Patrick Brown, until recently the leader of the opposition in Ontario, Canada, has thrown his party into a tailspin by kicking off a series of scandals. Now, just months before the provincial general election in June, his Ontario Progressive Conservative Party has to find a way to recover without him.
#MeToo comes to Canadian politics
The day after the story of two women accusing Brown of inappropriate sexual conduct when they were both teens broke, most of his key staff resigned. At hastily called late-night press conference at Queen’s Park the following day on January 24th, it became clear Brown was finished. With his voice shaking, he denied the allegations. But as he did so further members of his team were simultaneously tweeting their resignations. The press conference ended with media chasing Patrick Brown down the stairs, with a hunted look on the beleaguered leader’s face. He resigned the following morning.
Vic Fedeli inherited the role of interim leader of the Progressive Conservatives, and at first it was widely assumed Fedeli would stay on through the election in June against the unpopular Liberal Party provincial government. But then, PC party president (and ally of Patrick Brown) Rick Dykstra announced there would be a snap leadership election in March. A bold move, but perhaps just the right thing to make a clean break with Brown’s scandal.
More chaos ensues
Two days after Patrick Brown’s resignation, Dykstra himself was caught up in a sex scandal and forced to resign. The alleged incidents occurred while he was an MP in Ottawa for the federal-level Conservative Party. Conservative party bosses became aware in 2015 of an allegation that he had assaulted a young staffer, considered dropping him from their candidate lineup in the election, but then decided not to. Dykstra lost his seat, but moved into the presidency of the provincial-level Progressive Conservative Party as a fallback.
Now bereft of their party leader and party president, the PCs could soon be facing a possible disaster in the June election that until recently they had been the odds-on favourites to win.
Surely it could not get any worse.
It gets worse
A few weeks prior to his resignation, Patrick Brown had proudly announced that the Ontario Progressive Conservative Party had passed the 200,000 member level – an impressive figure, especially considering that the ruling Ontario Liberal Party have only about a tenth as many members.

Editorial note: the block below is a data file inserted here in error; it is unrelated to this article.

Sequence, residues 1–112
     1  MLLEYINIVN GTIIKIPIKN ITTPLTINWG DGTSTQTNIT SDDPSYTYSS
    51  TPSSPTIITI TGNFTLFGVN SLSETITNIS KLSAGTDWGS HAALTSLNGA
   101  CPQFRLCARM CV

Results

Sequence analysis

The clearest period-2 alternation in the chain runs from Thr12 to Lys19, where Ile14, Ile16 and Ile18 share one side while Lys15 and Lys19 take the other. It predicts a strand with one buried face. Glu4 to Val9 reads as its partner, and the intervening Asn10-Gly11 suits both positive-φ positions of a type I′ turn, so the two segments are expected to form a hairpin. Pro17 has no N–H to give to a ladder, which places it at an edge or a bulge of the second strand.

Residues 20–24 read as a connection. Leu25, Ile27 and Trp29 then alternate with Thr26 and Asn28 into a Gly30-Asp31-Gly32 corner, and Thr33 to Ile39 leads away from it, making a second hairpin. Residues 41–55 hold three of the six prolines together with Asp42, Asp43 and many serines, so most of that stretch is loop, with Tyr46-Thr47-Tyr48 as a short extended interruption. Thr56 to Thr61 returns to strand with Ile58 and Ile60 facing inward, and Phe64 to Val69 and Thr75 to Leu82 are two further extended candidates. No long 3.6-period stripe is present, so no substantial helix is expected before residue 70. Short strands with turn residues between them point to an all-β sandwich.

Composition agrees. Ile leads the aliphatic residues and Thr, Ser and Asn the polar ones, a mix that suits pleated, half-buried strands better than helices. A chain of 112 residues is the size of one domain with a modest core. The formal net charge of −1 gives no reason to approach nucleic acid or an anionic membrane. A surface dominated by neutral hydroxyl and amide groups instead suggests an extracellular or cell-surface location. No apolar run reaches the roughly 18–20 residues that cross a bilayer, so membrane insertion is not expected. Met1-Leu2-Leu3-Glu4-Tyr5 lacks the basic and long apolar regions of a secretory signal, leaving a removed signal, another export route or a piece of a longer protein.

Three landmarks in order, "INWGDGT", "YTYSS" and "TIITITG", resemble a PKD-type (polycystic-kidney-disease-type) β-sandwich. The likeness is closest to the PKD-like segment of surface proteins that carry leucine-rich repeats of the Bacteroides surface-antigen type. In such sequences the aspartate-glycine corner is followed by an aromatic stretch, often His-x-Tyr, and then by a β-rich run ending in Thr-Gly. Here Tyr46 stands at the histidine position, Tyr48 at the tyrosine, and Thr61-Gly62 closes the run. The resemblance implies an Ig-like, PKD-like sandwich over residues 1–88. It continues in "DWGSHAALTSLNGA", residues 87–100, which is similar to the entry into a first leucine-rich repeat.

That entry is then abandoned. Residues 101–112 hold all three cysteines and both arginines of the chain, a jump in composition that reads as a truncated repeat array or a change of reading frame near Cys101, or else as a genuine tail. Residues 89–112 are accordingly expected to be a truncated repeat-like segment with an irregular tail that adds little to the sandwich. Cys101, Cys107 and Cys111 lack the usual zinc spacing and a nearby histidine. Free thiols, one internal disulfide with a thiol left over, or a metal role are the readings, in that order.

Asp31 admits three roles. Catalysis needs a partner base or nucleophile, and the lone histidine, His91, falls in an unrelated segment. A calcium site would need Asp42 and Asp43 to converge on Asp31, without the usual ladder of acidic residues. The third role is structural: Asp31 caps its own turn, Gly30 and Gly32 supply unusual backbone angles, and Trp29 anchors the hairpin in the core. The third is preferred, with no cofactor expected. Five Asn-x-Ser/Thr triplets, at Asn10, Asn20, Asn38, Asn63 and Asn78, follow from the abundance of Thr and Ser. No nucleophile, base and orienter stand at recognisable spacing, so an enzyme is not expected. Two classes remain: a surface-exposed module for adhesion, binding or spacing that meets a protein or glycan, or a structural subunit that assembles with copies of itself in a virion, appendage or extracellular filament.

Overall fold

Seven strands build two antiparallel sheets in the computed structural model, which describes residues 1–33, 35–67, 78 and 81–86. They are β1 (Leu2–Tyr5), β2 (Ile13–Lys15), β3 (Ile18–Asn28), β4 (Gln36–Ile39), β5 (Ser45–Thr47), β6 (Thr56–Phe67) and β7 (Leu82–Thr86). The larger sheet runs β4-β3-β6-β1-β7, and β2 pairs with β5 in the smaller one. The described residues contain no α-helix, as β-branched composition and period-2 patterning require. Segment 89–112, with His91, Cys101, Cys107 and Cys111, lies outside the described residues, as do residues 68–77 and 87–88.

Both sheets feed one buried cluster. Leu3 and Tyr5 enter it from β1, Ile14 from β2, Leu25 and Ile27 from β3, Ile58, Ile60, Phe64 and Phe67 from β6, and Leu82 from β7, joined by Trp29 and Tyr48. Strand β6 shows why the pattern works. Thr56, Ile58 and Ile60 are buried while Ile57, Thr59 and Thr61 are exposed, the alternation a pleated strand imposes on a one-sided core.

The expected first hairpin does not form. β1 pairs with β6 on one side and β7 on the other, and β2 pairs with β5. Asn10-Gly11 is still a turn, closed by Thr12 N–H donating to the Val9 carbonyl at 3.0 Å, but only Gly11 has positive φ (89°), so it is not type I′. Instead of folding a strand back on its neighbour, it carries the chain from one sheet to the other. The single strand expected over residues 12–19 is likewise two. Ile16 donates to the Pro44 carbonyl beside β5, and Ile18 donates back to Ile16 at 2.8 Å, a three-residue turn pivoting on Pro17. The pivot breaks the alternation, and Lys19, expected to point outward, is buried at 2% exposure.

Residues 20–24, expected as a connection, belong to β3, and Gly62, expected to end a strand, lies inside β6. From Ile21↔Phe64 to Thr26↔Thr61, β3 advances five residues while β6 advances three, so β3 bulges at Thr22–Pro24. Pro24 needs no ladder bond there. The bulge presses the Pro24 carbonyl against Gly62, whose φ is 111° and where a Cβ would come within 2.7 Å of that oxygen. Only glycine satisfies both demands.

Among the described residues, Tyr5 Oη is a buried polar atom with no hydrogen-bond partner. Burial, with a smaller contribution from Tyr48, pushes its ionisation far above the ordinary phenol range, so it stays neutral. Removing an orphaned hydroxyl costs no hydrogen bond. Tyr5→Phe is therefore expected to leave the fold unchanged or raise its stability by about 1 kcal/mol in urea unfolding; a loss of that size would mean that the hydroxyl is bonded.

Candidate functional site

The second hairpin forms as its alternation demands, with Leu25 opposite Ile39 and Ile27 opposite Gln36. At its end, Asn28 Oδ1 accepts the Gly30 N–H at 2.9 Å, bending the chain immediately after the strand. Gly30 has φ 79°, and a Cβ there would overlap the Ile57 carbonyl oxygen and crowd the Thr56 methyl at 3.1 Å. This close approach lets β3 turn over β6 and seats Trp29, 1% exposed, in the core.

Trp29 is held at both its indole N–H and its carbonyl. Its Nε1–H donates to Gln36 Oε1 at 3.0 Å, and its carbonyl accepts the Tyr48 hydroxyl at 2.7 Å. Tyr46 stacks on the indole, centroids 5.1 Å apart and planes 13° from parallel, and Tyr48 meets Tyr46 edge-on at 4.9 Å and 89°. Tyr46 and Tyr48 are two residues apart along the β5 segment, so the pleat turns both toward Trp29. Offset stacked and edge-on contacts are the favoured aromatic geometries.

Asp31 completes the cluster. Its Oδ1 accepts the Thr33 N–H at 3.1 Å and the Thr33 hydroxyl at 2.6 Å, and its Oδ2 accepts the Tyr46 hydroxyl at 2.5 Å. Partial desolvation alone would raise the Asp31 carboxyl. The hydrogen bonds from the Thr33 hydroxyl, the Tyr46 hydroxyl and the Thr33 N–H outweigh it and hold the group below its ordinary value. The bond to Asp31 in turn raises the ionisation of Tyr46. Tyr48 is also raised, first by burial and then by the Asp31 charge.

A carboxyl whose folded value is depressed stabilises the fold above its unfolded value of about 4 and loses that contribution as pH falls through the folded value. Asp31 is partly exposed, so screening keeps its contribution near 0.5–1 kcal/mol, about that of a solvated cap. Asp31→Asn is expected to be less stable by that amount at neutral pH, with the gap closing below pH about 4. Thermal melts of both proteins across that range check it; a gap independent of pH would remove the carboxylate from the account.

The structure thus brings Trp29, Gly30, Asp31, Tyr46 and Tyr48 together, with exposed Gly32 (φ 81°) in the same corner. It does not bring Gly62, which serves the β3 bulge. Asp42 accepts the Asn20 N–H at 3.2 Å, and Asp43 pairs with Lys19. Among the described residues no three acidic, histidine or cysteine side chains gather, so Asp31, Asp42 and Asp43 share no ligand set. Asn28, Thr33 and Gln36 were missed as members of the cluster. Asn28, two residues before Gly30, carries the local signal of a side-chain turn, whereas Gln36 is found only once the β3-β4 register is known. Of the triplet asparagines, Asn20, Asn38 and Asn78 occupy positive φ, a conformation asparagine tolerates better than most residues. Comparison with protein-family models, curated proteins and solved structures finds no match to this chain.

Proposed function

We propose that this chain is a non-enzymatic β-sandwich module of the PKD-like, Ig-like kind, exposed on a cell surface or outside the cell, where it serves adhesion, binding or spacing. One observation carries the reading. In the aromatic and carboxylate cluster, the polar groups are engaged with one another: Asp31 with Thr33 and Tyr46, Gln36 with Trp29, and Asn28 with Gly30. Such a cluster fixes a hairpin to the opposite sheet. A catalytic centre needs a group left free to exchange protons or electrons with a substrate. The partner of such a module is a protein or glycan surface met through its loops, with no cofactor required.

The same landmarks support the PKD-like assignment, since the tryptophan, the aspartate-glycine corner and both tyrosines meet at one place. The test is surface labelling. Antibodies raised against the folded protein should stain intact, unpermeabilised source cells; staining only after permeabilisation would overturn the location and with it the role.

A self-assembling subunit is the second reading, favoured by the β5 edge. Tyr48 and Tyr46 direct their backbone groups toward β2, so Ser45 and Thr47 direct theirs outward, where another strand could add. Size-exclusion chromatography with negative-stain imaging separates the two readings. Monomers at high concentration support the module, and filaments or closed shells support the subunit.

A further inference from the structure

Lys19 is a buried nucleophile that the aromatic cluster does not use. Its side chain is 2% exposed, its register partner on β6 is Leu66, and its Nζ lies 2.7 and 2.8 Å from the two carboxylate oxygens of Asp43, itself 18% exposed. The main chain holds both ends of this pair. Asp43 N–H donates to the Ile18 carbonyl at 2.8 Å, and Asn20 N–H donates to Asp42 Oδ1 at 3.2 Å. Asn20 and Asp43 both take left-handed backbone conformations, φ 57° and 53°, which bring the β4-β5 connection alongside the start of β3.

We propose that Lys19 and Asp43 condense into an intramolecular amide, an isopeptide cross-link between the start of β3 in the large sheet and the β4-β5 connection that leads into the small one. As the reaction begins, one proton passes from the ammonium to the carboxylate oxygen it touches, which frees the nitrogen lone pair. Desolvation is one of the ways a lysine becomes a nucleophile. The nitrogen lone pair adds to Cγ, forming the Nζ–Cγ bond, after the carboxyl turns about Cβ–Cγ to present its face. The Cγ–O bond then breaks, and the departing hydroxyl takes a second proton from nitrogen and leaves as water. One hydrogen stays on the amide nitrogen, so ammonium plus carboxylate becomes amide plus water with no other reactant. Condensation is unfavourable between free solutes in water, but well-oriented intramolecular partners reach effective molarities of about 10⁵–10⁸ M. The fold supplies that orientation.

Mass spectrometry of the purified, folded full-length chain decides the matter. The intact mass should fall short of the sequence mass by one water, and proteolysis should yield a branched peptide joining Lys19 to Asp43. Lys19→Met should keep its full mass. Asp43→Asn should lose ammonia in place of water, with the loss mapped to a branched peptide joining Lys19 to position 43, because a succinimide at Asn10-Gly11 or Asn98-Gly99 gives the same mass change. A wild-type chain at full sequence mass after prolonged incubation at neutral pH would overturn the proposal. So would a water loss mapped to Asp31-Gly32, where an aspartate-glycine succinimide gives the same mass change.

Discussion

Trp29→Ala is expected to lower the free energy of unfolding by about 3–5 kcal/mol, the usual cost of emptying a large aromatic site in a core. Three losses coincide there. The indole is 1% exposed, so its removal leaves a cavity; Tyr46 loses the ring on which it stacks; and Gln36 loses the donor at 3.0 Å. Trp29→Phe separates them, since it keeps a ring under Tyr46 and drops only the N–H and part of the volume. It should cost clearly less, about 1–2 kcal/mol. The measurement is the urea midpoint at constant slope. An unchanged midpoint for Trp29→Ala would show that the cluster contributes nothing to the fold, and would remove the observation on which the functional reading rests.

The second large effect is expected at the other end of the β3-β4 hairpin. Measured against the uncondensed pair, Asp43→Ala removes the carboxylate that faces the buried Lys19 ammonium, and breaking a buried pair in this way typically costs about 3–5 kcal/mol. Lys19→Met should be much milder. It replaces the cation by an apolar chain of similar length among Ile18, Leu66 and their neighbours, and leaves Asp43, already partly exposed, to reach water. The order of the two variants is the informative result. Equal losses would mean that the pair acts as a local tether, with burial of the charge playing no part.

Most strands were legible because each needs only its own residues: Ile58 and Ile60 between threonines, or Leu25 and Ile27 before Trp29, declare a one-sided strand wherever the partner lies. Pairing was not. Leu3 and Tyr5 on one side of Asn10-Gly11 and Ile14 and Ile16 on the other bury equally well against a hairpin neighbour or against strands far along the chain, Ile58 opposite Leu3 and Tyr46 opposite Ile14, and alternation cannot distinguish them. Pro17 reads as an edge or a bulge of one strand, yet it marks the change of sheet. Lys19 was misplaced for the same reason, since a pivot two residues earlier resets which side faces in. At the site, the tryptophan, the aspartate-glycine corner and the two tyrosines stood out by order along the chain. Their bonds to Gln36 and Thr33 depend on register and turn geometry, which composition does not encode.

Now with a party leadership vote by these same dues-paying members scheduled, the membership list is coming under increasing scrutiny. And it appears Brown’s claims were vastly inflated.
According to Canada’s National Post, the true membership figure is closer to 130,000. The Post quoted a party insider as saying, “The membership number was likely inflated for communications purposes. We’re not going to defend the actions of the previous administration … Now people have the facts.”
The PCs still have a party membership several times that of the Liberals, but revising the number downwards by 70,000 only reaffirms the impression that they are in meltdown. If they manage a nice quiet leadership election, perhaps the new leader can quickly set things back on course.
Enter the Populist – Doug Ford
Three candidates have entered the leadership race so far, and none appear to posses the authority or temperament to put the PCs back into a stable position. But one candidate appears certain to prevent a nice quiet leadership race.
Christine Elliot, a former MPP, is making her third attempt for the Ontario PC leadership. Caroline Mulroney is the daughter of previous Canadian Prime Minister Brian Mulroney, but is otherwise a political neophyte. Two standard candidates, and with a great family history and name-recognition, Mulroney would be the establishment favorite.
But then there is Doug Ford, a former Toronto city councillor and brother of one of Canada’s notorious politicians. While serving as mayor of Toronto, the late Rob Ford, who made international headlines for problems related to substance abuse. Now his more disciplined but equally populist brother has thrown his hat into the ring.
Doug Ford may not have courted controversy as much as his brother did, but he is expected to throw the PC leadership election into turmoil. He’s already announced he is running to take power from “the elites,” who he says do not want him to run. It is not at all clear if Ford would support the current PC campaign platform, which includes a somewhat controversial proposal for a new carbon tax.
Patrick Brown – unrepentant
Meanwhile, despite the highly credible allegations against him, Patrick Brown continues to insist on his innocence. Although no longer leader, he is still a serving MPP. The fact that the PC has stopped paying rent on his downtown Toronto condo, and that this made headlines in the papers, indicates that Brown’s unresolved status will continue to haunt the PC, and whoever the new leader is, for months to come.
Although founded in 1864, there is no reason to think the Ontario Progressive Conservative Party will survive an endless run of scandals and mishaps. Right-of center political parties, whether at the federal or provincial levels, have been in fairly constant churn in Canada since the old federal Progressive Conservatives were nearly wiped out in the 1993 election. Is this an existential threat for the Ontario PCs? A lot hangs on the current leadership race.